Most parents and educators are already aware that an ADHD (attention deficit hyperactivity disorder) diagnosis can correlate to significant academic challenges for students of all ages. From mindfulness to medication, there are lots of solutions out there for families looking to support their students’ success at school. But for kids with ADHD diagnoses to really shine, strategies at home are just as important as classroom strategies. Executive function techniques are a great way to build at-home supports for students dealing with ADHD, and it can be particularly helpful to focus on developing positive routines that make students’ lives more predictable. Here are three kinds of positive routines to consider if your child has an ADHD diagnosis:
1. Take charge of tools
Binders, backpacks, and plain old stuff can be enormous stumbling blocks for children with ADHD. Homework gets buried under sports gear; permission slips get crumpled into instrument cases; bags fill up with unneeded books until they’re too heavy to lift. Building positive routines around backpacks, binders, and anything else your student carries to and from school can be a powerful way to corral all the mess and minimize distractions from actual schoolwork. Make a daily rundown of these items part of your child’s routine; the idea is to glance—quickly!—at each item in each container and practice making decisions about where each one belongs. In general, it’s helpful for kids to think in terms of three categories:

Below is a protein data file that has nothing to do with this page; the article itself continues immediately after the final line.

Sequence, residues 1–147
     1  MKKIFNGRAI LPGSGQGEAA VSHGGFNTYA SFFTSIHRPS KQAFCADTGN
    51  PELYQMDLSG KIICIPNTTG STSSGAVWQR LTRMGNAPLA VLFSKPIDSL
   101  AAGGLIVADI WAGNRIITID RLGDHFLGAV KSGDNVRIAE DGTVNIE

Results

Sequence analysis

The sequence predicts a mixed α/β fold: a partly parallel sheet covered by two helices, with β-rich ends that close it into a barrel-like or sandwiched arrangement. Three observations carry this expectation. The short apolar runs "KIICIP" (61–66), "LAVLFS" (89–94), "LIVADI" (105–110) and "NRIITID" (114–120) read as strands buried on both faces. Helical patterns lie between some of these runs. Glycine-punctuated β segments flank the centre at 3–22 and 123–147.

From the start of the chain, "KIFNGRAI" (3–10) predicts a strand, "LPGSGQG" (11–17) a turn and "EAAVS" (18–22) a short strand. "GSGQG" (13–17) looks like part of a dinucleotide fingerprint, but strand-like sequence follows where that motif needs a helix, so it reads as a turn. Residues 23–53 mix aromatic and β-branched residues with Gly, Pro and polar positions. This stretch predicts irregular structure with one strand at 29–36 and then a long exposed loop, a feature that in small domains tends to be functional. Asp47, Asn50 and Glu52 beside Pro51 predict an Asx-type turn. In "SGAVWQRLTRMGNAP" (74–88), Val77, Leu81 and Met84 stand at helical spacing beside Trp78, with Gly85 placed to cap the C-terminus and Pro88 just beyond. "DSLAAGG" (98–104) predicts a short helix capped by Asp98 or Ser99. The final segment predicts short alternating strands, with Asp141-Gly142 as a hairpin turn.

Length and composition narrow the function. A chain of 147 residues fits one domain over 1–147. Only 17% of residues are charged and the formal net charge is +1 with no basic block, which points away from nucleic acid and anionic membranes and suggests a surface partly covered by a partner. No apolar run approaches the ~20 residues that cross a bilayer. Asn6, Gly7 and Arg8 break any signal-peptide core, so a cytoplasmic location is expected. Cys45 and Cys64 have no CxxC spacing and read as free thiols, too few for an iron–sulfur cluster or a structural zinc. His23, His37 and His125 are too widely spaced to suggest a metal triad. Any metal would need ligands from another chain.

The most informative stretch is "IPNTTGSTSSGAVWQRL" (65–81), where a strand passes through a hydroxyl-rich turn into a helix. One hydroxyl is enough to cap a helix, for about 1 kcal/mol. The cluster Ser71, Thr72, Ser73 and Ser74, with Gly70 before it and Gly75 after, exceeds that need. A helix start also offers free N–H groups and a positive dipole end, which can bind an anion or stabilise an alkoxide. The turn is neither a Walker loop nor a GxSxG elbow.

- Stays where it is;
- Goes somewhere else (like a storage bin at home, back to the school library, or into the laundry);
- Gets thrown away (or recycled).